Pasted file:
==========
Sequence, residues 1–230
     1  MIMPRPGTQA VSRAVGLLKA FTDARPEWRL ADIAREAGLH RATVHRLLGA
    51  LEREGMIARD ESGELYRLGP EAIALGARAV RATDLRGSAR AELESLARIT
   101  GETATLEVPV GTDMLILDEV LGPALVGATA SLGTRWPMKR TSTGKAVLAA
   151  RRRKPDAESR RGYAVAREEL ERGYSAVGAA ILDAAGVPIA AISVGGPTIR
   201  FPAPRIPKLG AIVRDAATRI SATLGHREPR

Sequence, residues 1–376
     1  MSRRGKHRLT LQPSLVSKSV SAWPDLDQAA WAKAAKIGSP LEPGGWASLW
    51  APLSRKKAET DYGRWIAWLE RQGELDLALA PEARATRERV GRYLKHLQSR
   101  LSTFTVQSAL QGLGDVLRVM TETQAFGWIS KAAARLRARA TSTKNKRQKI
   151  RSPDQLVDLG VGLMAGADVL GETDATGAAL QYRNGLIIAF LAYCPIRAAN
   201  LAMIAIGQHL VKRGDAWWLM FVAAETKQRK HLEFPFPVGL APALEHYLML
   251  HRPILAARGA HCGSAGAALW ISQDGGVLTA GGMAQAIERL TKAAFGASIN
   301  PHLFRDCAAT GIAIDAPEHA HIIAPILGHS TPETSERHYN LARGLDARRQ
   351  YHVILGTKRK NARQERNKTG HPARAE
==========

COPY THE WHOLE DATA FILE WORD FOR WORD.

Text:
Sequence, residues 1–230
     1  MIMPRPGTQA VSRAVGLLKA FTDARPEWRL ADIAREAGLH RATVHRLLGA
    51  LEREGMIARD ESGELYRLGP EAIALGARAV RATDLRGSAR AELESLARIT
   101  GETATLEVPV GTDMLILDEV LGPALVGATA SLGTRWPMKR TSTGKAVLAA
   151  RRRKPDAESR RGYAVAREEL ERGYSAVGAA ILDAAGVPIA AISVGGPTIR
   201  FPAPRIPKLG AIVRDAATRI SATLGHREPR

Sequence, residues 1–376
     1  MSRRGKHRLT LQPSLVSKSV SAWPDLDQAA WAKAAKIGSP LEPGGWASLW
    51  APLSRKKAET DYGRWIAWLE RQGELDLALA PEARATRERV GRYLKHLQSR
   101  LSTFTVQSAL QGLGDVLRVM TETQAFGWIS KAAARLRARA TSTKNKRQKI
   151  RSPDQLVDLG VGLMAGADVL GETDATGAAL QYRNGLIIAF LAYCPIRAAN
   201  LAMIAIGQHL VKRGDAWWLM FVAAETKQRK HLEFPFPVGL APALEHYLML
   251  HRPILAARGA HCGSAGAALW ISQDGGVLTA GGMAQAIERL TKAAFGASIN
   301  PHLFRDCAAT GIAIDAPEHA HIIAPILGHS TPETSERHYN LARGLDARRQ
   351  YHVILGTKRK NARQERNKTG HPARAE